Journal of Clinical Investigation. (2013, November 15). Persistent gene therapy in muscle may not require immunosuppression. ScienceDaily. Retrieved November 26, 2014 from www.sciencedaily.com/releases/2013/11/131115130201.htm
Journal of Clinical Investigation. "Persistent gene therapy in muscle may not require immunosuppression." ScienceDaily. www.sciencedaily.com/releases/2013/11/131115130201.htm (accessed November 26, 2014).

Share This


More From ScienceDaily



More Health & Medicine News

Wednesday, November 26, 2014

Featured Research

from universities, journals, and other organizations


Featured Videos

from AP, Reuters, AFP, and other news services

From Popcorn To Vending Snacks: FDA Ups Calorie Count Rules

From Popcorn To Vending Snacks: FDA Ups Calorie Count Rules

Newsy (Nov. 25, 2014) — The US FDA is announcing new calorie rules on Tuesday that will require everywhere from theaters to vending machines to include calorie counts. Video provided by Newsy
Powered by NewsLook.com
Daily Serving Of Yogurt Could Reduce Risk Of Type 2 Diabetes

Daily Serving Of Yogurt Could Reduce Risk Of Type 2 Diabetes

Newsy (Nov. 25, 2014) — Need another reason to eat yogurt every day? Researchers now say it could reduce a person's risk of developing type 2 diabetes. Video provided by Newsy
Powered by NewsLook.com
Madagascar Working to Contain Plague Outbreak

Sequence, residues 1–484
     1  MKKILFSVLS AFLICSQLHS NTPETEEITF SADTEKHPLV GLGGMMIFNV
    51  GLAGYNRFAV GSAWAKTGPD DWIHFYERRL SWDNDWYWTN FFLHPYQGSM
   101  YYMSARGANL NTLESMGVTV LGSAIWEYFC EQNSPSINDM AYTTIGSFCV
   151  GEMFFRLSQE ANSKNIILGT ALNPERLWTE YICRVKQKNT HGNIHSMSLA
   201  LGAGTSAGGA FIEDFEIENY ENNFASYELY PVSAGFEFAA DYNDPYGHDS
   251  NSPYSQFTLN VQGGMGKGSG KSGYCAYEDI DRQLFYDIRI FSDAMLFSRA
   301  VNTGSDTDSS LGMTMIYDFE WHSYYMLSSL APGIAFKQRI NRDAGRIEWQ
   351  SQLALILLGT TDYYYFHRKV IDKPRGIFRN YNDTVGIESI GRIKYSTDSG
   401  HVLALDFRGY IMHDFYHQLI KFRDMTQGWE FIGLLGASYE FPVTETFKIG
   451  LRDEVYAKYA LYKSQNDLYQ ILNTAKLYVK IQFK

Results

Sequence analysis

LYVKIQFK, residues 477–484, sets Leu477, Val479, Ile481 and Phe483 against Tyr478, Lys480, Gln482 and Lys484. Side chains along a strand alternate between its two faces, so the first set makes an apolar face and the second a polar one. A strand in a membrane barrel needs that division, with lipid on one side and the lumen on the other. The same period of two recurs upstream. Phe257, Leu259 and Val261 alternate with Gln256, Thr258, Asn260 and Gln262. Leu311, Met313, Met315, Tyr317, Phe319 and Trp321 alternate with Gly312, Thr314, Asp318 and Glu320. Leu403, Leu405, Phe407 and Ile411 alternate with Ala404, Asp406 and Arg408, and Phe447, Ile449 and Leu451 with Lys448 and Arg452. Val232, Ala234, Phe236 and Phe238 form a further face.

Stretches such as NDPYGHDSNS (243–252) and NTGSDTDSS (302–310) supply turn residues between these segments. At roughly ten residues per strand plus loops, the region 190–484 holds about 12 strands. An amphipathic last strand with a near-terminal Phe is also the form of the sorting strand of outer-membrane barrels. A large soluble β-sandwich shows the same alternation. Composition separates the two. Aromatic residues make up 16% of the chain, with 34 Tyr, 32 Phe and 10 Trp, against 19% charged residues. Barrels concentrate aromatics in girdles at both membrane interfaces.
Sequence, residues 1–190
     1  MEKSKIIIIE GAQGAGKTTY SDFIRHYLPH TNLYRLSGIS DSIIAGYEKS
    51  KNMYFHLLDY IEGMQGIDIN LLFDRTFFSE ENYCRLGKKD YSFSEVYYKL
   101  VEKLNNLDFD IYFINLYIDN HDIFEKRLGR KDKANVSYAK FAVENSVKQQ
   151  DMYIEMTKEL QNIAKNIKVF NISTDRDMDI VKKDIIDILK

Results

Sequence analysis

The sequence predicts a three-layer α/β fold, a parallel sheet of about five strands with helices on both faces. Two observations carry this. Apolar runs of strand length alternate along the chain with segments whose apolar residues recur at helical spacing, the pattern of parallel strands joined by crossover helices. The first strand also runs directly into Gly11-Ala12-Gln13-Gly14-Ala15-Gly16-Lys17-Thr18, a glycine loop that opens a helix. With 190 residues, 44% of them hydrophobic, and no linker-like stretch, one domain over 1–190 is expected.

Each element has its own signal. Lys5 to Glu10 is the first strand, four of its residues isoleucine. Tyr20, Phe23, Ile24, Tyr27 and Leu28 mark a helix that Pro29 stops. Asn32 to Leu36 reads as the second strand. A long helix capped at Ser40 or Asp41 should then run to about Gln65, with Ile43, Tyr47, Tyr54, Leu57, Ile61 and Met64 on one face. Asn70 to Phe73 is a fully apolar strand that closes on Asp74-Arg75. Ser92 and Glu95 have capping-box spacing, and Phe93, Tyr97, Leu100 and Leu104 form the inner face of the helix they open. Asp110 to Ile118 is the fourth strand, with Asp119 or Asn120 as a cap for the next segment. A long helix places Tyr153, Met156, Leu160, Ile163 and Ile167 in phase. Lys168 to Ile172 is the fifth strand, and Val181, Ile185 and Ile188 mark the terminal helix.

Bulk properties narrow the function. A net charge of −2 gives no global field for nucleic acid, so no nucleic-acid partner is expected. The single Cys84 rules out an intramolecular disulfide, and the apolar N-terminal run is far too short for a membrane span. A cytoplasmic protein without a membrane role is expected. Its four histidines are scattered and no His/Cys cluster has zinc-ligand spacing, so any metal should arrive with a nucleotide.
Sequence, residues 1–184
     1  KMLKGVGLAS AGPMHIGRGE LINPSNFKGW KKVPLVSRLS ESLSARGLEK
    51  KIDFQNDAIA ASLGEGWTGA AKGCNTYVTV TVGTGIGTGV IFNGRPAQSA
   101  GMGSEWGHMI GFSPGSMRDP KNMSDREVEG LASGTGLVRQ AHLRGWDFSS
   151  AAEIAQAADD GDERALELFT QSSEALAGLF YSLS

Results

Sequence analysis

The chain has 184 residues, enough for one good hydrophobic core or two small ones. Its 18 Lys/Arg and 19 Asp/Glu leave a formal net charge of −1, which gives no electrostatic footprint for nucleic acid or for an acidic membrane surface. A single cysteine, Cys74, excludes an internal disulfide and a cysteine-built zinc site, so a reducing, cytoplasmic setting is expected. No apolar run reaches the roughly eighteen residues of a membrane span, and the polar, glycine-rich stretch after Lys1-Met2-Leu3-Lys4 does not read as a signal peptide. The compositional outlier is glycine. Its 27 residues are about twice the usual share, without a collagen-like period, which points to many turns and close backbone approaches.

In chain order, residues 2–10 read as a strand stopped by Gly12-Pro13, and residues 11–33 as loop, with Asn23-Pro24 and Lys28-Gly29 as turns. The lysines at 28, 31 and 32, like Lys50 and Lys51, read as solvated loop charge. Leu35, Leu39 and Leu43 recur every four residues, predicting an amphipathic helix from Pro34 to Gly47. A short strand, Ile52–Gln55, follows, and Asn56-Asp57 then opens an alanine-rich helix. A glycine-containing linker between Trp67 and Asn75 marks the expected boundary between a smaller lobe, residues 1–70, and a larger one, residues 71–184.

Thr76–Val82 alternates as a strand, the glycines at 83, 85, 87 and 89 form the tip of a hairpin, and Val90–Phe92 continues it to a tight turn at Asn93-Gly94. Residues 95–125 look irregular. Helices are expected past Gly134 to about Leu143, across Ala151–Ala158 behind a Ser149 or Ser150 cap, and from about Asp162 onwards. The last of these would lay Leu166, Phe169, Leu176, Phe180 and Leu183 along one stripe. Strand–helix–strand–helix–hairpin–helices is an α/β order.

Madagascar Working to Contain Plague Outbreak

AFP (Nov. 24, 2014) — Madagascar said Monday it is trying to contain an outbreak of plague -- similar to the Black Death that swept Medieval Europe -- that has killed 40 people and is spreading to the capital Antananarivo. Duration: 00:42 Video provided by AFP
Powered by NewsLook.com
Are Female Bosses More Likely To Be Depressed?

Are Female Bosses More Likely To Be Depressed?

Newsy (Nov. 24, 2014) — A new study links greater authority with increased depressive symptoms among women in the workplace. Video provided by Newsy
Powered by NewsLook.com

Search ScienceDaily

Number of stories in archives: 140,361

Find with keyword(s):
 
Enter a keyword or phrase to search ScienceDaily for related topics and research stories.

Save/Print:
Share:  

Breaking News:

Strange & Offbeat Stories

 

Health & Medicine

Mind & Brain

Living & Well

In Other News

... from NewsDaily.com

Science News

Health News

Environment News

Technology News



Save/Print:
Share:  

Free Subscriptions


Get the latest science news with ScienceDaily's free email newsletters, updated daily and weekly. Or view hourly updated newsfeeds in your RSS reader:

Get Social & Mobile


Keep up to date with the latest news from ScienceDaily via social networks and mobile apps:

Have Feedback?


Tell us what you think of ScienceDaily -- we welcome both positive and negative comments. Have any problems using the site? Questions?
Mobile iPhone Android Web
Follow Facebook Twitter Google+
Subscribe RSS Feeds Email Newsletters
Latest Headlines Health & Medicine Mind & Brain Space & Time Matter & Energy Computers & Math Plants & Animals Earth & Climate Fossils & Ruins